A member of the German liberal party blamed the country's Socialist Party for the recent collapse in talks to form a new government, despite the latter not being involved in the negotiations.
"Keep in mind, why are we in this situation, why did we need four-party exploratory talks. It was because the second-largest party, the social democrats, with 20 percent (of the vote), twice as much as we, one minute after the election came out said, no we're not going to do it because we have lost so much and we are going into opposition," Otto Fricke, a member of the Federal Board of the pro-business FDP (Free Democratic Party), told CNBC Tuesday.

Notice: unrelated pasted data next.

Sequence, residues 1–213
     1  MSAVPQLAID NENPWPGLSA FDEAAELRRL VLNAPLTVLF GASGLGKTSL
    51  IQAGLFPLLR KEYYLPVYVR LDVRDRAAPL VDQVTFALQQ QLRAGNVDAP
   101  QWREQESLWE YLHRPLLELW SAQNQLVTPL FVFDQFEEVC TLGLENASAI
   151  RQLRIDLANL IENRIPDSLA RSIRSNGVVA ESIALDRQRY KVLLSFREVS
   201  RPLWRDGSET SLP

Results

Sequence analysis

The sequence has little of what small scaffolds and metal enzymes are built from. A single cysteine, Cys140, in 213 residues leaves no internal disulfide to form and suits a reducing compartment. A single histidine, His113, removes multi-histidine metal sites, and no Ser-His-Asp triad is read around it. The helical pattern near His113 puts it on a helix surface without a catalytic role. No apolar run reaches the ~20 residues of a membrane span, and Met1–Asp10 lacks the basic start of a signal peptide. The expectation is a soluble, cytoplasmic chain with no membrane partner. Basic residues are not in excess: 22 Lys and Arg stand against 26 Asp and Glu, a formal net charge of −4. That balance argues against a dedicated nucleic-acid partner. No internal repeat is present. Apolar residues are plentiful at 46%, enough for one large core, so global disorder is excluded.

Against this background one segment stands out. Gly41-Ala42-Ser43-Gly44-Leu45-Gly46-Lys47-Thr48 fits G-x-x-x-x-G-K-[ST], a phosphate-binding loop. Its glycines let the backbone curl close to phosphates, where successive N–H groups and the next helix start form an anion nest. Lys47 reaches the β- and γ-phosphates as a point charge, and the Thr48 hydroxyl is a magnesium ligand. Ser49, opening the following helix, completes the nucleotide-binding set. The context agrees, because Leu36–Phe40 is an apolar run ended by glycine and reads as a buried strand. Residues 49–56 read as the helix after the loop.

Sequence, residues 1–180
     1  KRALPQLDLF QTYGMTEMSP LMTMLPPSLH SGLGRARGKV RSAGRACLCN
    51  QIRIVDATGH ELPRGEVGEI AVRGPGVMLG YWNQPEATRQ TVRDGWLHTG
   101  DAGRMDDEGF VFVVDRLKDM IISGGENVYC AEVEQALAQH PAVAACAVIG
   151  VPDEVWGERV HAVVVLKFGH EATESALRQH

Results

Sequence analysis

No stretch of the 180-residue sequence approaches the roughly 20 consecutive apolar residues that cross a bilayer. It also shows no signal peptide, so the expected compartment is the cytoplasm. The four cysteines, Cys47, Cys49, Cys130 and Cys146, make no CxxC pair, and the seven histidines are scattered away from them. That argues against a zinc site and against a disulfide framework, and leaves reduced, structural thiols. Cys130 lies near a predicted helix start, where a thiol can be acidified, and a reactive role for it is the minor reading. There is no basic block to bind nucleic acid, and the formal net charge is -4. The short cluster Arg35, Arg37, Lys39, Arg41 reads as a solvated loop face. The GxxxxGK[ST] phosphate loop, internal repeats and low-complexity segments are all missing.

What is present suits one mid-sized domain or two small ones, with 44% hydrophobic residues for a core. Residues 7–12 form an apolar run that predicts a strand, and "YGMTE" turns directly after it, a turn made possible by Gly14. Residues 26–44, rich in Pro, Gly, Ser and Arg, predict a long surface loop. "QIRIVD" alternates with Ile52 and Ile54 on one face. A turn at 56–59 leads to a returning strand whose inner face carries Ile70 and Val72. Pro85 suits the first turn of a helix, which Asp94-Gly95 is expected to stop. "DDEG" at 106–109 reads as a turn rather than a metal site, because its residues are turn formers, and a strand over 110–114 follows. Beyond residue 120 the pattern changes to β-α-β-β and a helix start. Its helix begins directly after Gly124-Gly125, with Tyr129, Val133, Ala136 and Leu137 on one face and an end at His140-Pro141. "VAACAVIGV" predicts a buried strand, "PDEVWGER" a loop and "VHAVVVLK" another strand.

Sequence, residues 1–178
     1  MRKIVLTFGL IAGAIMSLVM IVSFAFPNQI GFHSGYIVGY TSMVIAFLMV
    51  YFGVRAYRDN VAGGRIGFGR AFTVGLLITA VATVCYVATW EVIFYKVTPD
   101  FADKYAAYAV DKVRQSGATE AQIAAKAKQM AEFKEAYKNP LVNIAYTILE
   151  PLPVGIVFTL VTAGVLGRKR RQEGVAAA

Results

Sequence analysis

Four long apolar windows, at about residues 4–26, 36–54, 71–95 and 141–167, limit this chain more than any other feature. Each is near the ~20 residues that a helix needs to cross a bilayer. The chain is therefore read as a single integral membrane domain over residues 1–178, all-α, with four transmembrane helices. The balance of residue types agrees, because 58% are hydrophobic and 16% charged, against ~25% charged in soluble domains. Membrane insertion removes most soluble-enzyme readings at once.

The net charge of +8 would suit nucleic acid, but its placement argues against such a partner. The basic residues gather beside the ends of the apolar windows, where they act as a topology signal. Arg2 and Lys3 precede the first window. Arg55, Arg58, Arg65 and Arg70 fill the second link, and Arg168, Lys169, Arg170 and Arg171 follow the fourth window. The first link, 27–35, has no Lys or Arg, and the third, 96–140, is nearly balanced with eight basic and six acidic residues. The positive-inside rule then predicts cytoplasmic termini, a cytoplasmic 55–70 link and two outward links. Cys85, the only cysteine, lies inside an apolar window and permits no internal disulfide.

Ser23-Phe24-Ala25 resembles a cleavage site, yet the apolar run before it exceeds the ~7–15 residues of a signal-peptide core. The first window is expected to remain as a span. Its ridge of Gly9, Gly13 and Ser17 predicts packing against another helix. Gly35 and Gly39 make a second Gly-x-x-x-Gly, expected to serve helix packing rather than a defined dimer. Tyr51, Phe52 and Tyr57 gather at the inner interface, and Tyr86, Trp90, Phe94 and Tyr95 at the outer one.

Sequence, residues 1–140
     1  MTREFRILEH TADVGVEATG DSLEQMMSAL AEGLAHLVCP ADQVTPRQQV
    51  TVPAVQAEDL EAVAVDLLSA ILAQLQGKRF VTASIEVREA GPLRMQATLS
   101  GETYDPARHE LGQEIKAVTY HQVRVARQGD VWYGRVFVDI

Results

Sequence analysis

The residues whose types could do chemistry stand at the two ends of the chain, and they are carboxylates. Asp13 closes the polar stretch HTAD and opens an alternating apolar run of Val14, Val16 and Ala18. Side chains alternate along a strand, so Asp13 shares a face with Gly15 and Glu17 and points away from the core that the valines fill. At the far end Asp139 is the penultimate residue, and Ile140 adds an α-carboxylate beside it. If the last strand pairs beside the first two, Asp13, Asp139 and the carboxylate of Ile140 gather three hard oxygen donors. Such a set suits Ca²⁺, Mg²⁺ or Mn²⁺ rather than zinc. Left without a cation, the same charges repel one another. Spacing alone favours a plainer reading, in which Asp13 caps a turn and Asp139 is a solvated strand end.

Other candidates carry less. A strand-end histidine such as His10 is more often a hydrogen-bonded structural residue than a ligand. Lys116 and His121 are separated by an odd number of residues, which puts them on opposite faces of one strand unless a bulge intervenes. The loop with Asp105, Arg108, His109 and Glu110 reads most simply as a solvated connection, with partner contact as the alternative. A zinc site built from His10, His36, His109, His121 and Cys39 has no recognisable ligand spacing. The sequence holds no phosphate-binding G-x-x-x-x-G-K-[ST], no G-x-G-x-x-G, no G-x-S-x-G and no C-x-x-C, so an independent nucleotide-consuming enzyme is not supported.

Preliminary talks to draw up a new executive in Germany between the FDP, Angela Merkel's CDU (Christian Democratic Union), its Bavarian sister party the Christian Social Union (CSU) and the Greens came to an end at the weekend, after the FDP decided to walk out for what it saw as a lack of compromise from other parties.
Fricke from the FDP, who obtained about 10 percent of the vote in the September elections, said that it was the responsibility of the Social Democratic Party (SPD) to support a compromise. The SPD has stated repeatedly that it wants to stay in opposition and rebuild rather than join any coalition government. The SPD had, until the elections, been sharing power in a so-called grand coalition with Merkel's conservatives.